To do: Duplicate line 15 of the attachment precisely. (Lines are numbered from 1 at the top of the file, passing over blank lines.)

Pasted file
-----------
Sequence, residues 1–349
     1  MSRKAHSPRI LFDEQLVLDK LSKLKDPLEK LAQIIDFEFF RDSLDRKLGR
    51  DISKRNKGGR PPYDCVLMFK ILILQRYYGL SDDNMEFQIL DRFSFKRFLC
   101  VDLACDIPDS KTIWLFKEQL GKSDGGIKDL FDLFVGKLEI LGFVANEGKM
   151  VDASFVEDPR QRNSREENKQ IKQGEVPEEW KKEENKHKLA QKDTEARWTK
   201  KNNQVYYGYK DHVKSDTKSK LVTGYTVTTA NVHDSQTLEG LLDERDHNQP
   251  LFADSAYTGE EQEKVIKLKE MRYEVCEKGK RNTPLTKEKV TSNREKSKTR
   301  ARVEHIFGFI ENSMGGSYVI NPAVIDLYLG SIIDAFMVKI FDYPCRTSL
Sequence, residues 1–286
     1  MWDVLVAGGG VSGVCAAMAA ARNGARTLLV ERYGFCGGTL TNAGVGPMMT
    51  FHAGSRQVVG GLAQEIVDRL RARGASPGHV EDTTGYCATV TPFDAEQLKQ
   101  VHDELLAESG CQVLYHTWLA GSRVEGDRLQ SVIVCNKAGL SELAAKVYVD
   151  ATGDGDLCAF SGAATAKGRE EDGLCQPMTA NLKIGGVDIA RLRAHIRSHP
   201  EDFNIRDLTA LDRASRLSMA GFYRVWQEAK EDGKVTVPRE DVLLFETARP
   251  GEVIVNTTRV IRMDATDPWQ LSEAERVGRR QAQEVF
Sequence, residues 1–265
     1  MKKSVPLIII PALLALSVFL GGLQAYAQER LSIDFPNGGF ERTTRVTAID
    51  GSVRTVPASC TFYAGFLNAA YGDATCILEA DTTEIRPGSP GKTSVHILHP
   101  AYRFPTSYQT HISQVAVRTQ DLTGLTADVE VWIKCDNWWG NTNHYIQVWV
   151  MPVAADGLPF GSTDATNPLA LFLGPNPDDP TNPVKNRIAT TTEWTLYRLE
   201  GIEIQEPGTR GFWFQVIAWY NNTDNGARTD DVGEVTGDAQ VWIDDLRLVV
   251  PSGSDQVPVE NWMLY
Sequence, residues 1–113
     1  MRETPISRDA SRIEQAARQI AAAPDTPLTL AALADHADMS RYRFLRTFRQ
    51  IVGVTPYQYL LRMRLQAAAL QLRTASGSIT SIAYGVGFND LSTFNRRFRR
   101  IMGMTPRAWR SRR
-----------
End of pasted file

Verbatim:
   251  GEVIVNTTRV IRMDATDPWQ LSEAERVGRR QAQEVF